Last May the University of Minnesota's Community Engaged Scholars Faculty Development Group held its last meeting. I will write more about this program and some lessons learned but wanted to begin this blog where the group left off: What is reflection? Why is it vital to community engagement work? Why are teachers so good at doling out reflection assignments and so bad at consistently reflecting on their work and ideas?
I was reminded of this topic again when a new 1st year graduate student in landscape architecture shared his blog with me—a very thoughtfully written and clear account of his first experiences as a design student. I'm always amazed by the courage it takes to return to school, move to an unfamiliar place, and find your role in a cohort of strangers. His reflections on the first weeks of school reminded me again of exactly what is at stake for many of our incoming students. As someone who is still paying off student loans, I'm reminded of the financial commitment monthly. But I forget the stress of the newness of it all—new apartment to set up, new bureaucratic systems to negotiate, new skills to learn.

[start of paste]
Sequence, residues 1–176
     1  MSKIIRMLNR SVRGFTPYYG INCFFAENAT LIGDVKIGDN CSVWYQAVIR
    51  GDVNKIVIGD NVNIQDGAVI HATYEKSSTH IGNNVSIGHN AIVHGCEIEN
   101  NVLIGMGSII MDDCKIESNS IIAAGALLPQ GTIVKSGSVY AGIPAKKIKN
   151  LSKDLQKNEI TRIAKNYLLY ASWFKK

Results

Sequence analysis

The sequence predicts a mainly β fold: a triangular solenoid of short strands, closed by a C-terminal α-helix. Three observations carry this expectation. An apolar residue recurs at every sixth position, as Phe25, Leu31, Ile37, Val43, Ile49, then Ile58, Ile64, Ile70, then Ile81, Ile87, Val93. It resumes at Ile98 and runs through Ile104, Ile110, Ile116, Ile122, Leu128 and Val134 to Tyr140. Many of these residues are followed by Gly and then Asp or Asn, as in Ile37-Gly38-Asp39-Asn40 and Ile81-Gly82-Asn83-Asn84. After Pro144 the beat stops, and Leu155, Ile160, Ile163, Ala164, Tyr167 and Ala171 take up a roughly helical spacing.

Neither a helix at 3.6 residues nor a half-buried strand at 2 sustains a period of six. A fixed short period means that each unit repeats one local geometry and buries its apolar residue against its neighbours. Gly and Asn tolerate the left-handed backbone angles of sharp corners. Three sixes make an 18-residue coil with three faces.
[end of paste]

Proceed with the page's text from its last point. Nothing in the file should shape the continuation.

Students in my Research Methods class are at the other end of this trajectory: developing what will be their final capstone project and preparing to graduate in the spring. Having mastered a set of skills they are in some ways returning to the reasons they started the program in the first place. What is it about the landscape that they value: the city, a river's edge, a neighborhood, a sidewalk? How can the work of a designer improve lives? What are the strengths of our profession and what are its limits?
In this blog I'll share some thoughts on these questions. Part of the fear of reflection for academics may be that an ongoing record of our answers shows shifts in our thinking and perhaps doubts about what we think is possible. But a shifting account is a more honest account of the processes of teaching and learning, of collaboration and expression set within a constantly changing landscape of money, ethics, and regulation. Just as good research is based on good questions and leads to even better questions, engagement and teaching are shaped and reshaped each time we ask ourselves if what we are doing reflects what we know and what we believe.